8.0 (Oct 18, 2023)
Feb 18, 2012
Feb 2, 2024
GraphHopper (graphhopper)
Kazuki (daisy1754)
Adrian Batzill (b3nn0)
Sebastian (sebkur)
Denis Laprise (nside)
Denis Rykov (drnextgis)
Jan Heuer (jtheuer)
Dario Di Nucci (dardin88)
Marcelo Soares Souza (marcelosoaressouza)
Dewos (dewos)
Andreas Wolf (andreaswolf)
Emux (devemux86)
Jan S (janschultecom)
zhiqiang (zhiqiangZHAO)
Anahita Sanandaji (AnahitaS)
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Source code

GraphHopper Routing Engine

GraphHopper is a fast and memory-efficient routing engine released under Apache License 2.0. It can be used as a Java library or standalone web server to calculate the distance, time, turn-by-turn instructions and many road attributes for a route between two or more points. Beyond this "A-to-B" routing it supports "snap to road", Isochrone calculation, mobile navigation and more. GraphHopper uses OpenStreetMap and GTFS data by default and it can import other data sources too.


We have an open community and welcome everyone. Let us know your problems, use cases or just say hello. Please see our community guidelines.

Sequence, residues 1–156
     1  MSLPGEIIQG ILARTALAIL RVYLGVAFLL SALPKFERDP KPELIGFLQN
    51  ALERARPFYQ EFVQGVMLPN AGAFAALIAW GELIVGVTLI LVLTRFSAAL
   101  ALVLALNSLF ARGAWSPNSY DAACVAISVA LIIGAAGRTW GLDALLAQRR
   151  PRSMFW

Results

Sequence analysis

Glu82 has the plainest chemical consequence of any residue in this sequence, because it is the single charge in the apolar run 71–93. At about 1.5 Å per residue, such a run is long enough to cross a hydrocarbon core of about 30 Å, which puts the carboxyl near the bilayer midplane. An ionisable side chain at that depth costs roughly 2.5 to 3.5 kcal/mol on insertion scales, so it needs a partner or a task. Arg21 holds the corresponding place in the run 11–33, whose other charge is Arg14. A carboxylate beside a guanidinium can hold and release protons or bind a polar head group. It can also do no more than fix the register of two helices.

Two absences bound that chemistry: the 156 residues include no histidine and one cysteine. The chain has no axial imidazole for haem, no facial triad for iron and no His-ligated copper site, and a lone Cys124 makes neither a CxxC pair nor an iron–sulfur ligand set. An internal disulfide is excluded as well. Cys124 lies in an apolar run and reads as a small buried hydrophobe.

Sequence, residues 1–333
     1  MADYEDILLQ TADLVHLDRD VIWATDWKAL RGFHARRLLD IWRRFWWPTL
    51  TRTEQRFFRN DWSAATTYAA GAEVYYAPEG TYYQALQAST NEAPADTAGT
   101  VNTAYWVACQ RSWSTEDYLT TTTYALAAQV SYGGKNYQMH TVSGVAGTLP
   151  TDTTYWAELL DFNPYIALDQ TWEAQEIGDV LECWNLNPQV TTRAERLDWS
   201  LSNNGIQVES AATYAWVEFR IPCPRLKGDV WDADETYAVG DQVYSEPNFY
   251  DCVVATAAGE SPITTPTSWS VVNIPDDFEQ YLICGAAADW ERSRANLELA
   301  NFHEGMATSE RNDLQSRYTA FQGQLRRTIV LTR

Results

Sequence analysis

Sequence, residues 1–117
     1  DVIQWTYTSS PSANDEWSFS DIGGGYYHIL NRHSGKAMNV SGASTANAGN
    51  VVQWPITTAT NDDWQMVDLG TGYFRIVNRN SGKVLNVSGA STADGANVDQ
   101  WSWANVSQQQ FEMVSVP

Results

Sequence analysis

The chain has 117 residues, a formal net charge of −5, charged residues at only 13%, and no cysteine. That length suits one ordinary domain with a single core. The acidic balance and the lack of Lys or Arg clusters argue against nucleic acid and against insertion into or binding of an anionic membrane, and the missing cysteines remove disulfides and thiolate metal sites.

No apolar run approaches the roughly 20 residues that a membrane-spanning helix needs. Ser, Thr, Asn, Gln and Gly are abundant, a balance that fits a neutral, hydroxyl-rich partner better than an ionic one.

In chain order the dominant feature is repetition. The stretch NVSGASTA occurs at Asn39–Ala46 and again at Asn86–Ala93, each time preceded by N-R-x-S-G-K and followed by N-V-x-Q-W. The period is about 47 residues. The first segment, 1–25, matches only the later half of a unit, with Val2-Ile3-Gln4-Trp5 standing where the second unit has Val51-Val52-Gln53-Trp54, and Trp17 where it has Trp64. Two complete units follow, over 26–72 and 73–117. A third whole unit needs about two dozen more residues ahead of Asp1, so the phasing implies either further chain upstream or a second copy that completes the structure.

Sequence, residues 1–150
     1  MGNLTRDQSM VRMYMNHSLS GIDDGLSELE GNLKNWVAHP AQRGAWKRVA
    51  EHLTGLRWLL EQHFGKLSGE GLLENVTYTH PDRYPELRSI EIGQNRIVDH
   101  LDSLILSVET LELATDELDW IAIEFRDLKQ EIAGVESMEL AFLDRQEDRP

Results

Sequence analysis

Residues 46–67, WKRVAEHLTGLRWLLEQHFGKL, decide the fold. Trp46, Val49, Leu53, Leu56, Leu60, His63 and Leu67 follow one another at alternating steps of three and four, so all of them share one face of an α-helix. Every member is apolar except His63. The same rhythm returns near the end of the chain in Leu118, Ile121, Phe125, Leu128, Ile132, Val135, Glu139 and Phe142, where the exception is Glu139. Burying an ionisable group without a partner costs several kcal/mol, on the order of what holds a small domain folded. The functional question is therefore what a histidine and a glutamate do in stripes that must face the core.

All questions go to our forum where we also have subsections specially for developers, mobile usage, and our map matching component. You can also search Stackoverflow for answers. Please do not use our issue section for questions :)


Read through how to contribute for information on topics like finding and fixing bugs and improving our documentation or translations! We even have good first issues to get started.

Get Started

To get started you can try GraphHopper Maps, read through our documentation and install the GraphHopper Web Service locally.

Click to see older releases


To install the GraphHopper Maps UI and the web service locally you need a JVM (>= Java 17) and do:

java -D"dw.graphhopper.datareader.file=berlin-latest.osm.pbf" -jar graphhopper*.jar server config-example.yml

After a while you see a log message with 'Server - Started', then go to http://localhost:8989/ and you'll see a map of Berlin. You should be able to right click on the map to create a route.